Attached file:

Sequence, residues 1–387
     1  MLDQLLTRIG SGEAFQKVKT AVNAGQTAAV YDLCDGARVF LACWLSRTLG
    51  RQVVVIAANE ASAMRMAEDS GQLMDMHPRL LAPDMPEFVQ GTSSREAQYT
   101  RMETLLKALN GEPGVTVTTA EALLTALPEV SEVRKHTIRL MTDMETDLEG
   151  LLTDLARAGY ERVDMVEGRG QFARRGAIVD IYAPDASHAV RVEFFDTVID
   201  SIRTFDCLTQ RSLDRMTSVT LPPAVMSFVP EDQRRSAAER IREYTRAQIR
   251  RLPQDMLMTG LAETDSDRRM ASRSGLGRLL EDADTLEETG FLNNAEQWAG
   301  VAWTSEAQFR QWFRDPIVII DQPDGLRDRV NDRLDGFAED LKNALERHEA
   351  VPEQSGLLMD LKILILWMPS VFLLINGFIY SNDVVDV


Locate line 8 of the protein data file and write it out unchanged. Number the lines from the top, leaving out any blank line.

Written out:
   301  VAWTSEAQFR QWFRDPIVII DQPDGLRDRV NDRLDGFAED LKNALERHEA